Preschool for Parents: From a Teacher’s Perspective
By: Mona Bachani
Your little one is finally in school, so you’re free, right? Unfortunately not. There is still a lot for you to do. I am sure you know your work as parents is never done. Well here I am, to tell you what all teachers are thinking - but aren’t saying out loud.
Pacifiers and Bottles - Get Rid of Them!
If your little one is two years old and still using bottles and pacifiers, you may be in trouble. Extensive use of pacifiers and bottles change the structure of your child’s mouth. These can be your lifeline during teething, temper tantrums and just about anything else. I know it’s tough, but after twelve months they should stop using them altogether. As children start eating solid foods, their mouths should open and close more frequently, which strengthen their muscles. Extensive use of pacifiers and bottles replicate a sucking motion which hinders the development of those muscles and can lead to speech issues. Yes, you read that correctly, it can hinder their ability to speak clearly. So say goodbye sooner than later!
2. “Shh Don’t Tell the Teacher!” - Tell! Tell Us Everything!
Often you don’t want your child’s teacher knowing the details of what happens at home, but sometimes it can be good to share them. I always say there is no such thing as too much information. I have received 3 a.m. emails about bowel movements, sleep issues, family visiting, and food issues. We want to know these things because the smallest change in your child’s routine can alter their behavior in school. Telling us even the smallest things can help us better understand, support and care for your little one! Sharing those things does not make you a bad parent - it makes you a better one! We aren’t judging you as a parent, in fact, we appreciate your attentiveness.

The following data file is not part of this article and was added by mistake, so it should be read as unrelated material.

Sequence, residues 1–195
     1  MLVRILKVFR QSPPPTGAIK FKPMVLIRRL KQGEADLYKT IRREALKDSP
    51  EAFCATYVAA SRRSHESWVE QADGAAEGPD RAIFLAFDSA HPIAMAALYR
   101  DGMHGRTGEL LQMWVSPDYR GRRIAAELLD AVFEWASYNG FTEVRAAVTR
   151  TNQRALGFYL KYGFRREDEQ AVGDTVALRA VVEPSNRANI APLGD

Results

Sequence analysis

3. "Thank You" Goes a Long Way!
The smallest things can change a teachers day. We often only hear from parents when they are upset about something, but what about all the other good days? An email saying thank you or a small treat change what starts as a rough week to a great day. A parent once walked into a conference with a couple of coffees and something so small made the day so much easier to get through. It’s great to get things around the holidays, but the sporadic acknowledgments are awesome! Some of the best mementos I have are emails parents send me acknowledging how happy their child is in school and how thankful they are for our support. Your child’s teacher may be with your child for the majority of the day, let them know you appreciate them!
4. We Hear Everything!
Children pick up on everything. Be careful of what you say around them, even if you aren’t talking directly to them. For example, something like this can be shared; “Mommy said she doesn’t like you because the painting has glitter on it and made the house messy.” Yes, this is just one of many things children have repeated to their teachers. The list of things children have said that parents have said is hilarious but can also be a bit conflicting for little ones to understand. Be honest with your children, say how you feel about something but pick your words wisely. Identify the feeling, don’t blame a person.
5. Work on Things Together!
No matter how old your child is, there are always things that he or she can work on to make themselves more independent or improve upon. Talk to your child’s teacher about some things you can do at home - job charts, chores, fine motor skills, etc. These conversations don’t just need to happen during conferences, but also if you check in every month or so. As parents, we often see the best in our children but an unbiased opinion can help your little one be even better! Plus, teachers love to know you’re engaged and that they can share what they see in school with you.
Raising a little one isn’t an easy undertaking. Just remember teachers and parents are on the same side, we just want the best for every child!